Saturday, September 10, 2011

Perspective: The Trigger Behind the Instability

I was talking to my sisters this week, and Sister pointed out that Daughter hasn't truly been stable for years. There have been brief stretches when she was doing better, but overall, it's been several very challenging years. She asked me when was the last time she was truly stable. I began to think.

In the spring of 2007, Daughter was doing well. She'd graduated from high school the previous year (which had triggered some challenging times), and was now settling into her new routine at the workshop with friends. She expressed a desire to make contact with her birth mother. I had always told her that when she was an adult and I thought she could handle it, I'd help her establish contact. Therapist and I had a long conversation about Daughter's desire. Both of us had concerns about the impact that contact would have on Daughter, but she was doing so well we didn't have any reason to delay it any longer.

Daughter had been referring to her birth parents by their first names for years. They had failed to keep her safe, therefore they didn't deserve the title of parents. Parents keep their children safe. So she wrote a letter to J. I showed her some of the material I had saved about her birth family, and we went through it together. J responded. Her response looked like it could have been written by a young child.

Daughter wanted to talk to her, so we called her. They talked for a few minutes, then Daughter handed me the phone. I was talking to J when Daughter came out of the bathroom, sobbing. I quickly ended the call. I held Daughter as she sobbed in my arms. "She didn't sound like a 49 year old woman. She sounded like a child."

"That's part of the reason she couldn't keep you safe. In many ways she was like a child."

One of the reasons Daughter had wanted to talk to J was so that J could answer her questions. Why had she allowed the abuse to happen? Had she known Daughter was being molested? Why hadn't she kept her safe? I had cautioned her from the beginning that J may not be able to give her the answers she was seeking, but she had been determined.

Over the next few days I watched Daughter deteriorate. Finally she couldn't talk about her feelings. She drew pictures: very graphic pictures of deep pain and her own death. We were waiting for an appointment with a new psychiatrist (hers had died). We called up to the hospital where the new psychiatrist practiced. They didn't have an adult psych unit. We had her admitted locally, with the request that she not see a particular psychiatrist.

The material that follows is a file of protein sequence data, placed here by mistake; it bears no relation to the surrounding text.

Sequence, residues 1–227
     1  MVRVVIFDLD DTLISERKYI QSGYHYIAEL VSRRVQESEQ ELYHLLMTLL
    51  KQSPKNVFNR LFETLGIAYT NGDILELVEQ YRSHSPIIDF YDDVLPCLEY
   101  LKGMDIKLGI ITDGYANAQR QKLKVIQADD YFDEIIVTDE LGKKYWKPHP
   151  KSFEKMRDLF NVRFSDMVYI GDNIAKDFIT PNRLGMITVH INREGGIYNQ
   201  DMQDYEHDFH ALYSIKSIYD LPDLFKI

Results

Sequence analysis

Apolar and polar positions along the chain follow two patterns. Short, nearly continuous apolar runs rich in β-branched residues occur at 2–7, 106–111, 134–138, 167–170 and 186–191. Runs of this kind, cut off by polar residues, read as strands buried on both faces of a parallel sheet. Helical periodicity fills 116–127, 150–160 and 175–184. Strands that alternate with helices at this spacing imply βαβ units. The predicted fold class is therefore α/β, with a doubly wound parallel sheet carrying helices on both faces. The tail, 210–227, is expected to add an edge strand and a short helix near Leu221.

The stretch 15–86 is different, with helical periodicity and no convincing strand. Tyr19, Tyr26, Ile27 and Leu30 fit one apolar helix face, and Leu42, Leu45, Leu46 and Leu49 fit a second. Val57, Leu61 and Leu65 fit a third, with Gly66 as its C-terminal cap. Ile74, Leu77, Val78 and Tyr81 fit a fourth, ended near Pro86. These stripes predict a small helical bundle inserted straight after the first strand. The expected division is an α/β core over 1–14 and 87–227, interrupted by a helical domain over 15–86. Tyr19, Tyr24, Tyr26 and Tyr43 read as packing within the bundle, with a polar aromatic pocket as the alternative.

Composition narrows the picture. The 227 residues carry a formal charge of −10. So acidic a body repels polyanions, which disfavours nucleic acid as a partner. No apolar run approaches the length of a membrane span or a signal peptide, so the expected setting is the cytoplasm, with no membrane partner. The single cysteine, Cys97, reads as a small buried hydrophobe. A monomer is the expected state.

That hospitalization was a disaster. The entire story is long and complicated, but she was treated by the psychiatrist we requested she not see. A number of things happened that were powerful triggers for her PTSD. Within ten days of discharge, I was having her admitted to a different hospital, one that was further away, and at the request of my insurance company writing a letter to the state licensing board about the first hospital.

She ended up being hospitalized 3 times that summer, and has averaged at least one hospitalization a year since that time. It's now been well over a year since she's been hospitalized, the longest she has stayed out of the hospital since the summer of 2007. I probably could/possibly should have hospitalized her this past month, but I didn't.

This time around she went around me to establish contact with Birth Brother. Once again she is in a spot of deep pain. Once again she is struggling.

I realize that for many adoptive children, contact with the birth family is healing. For Daughter, it has been disastrous. I find myself wondering what would have happened if she hadn't talk to J in the summer of 2007. Maybe we would still be in the same place. I think I remember reading someplace that schizophrenia often appears in young adults. (Her current diagnosis is schizo-affective disorder). But I also remember her late psychiatrist telling me that her problem was PTSD. He pointed out her psychotic episodes were related to the early trauma.

I can't turn back the clock. She hasn't talked to J since that initial, disastrous contact. I can't control her contact with BB, though she says she is going to back off now. I can't erase, though, what has already been done. I do think I'll mention to the team, though, that she may need some help working through the issues her contact with birth family raised. We can't turn back the clock, but maybe we can help Daughter process what's happened since.

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